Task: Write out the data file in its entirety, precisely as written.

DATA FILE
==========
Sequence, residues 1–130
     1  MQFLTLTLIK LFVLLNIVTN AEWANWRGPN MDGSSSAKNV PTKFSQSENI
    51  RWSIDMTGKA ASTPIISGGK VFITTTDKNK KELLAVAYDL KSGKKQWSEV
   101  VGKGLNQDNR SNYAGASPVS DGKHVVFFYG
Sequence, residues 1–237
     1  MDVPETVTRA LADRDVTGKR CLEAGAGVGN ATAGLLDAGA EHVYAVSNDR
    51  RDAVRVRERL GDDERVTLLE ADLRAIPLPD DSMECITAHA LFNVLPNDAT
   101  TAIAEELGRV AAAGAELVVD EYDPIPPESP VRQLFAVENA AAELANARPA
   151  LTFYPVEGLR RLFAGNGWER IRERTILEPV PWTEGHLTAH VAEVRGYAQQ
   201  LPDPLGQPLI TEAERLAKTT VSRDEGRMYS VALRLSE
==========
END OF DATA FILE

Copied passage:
Sequence, residues 1–130
     1  MQFLTLTLIK LFVLLNIVTN AEWANWRGPN MDGSSSAKNV PTKFSQSENI
    51  RWSIDMTGKA ASTPIISGGK VFITTTDKNK KELLAVAYDL KSGKKQWSEV
   101  VGKGLNQDNR SNYAGASPVS DGKHVVFFYG
Sequence, residues 1–237
     1  MDVPETVTRA LADRDVTGKR CLEAGAGVGN ATAGLLDAGA EHVYAVSNDR
    51  RDAVRVRERL GDDERVTLLE ADLRAIPLPD DSMECITAHA LFNVLPNDAT
   101  TAIAEELGRV AAAGAELVVD EYDPIPPESP VRQLFAVENA AAELANARPA
   151  LTFYPVEGLR RLFAGNGWER IRERTILEPV PWTEGHLTAH VAEVRGYAQQ
   201  LPDPLGQPLI TEAERLAKTT VSRDEGRMYS VALRLSE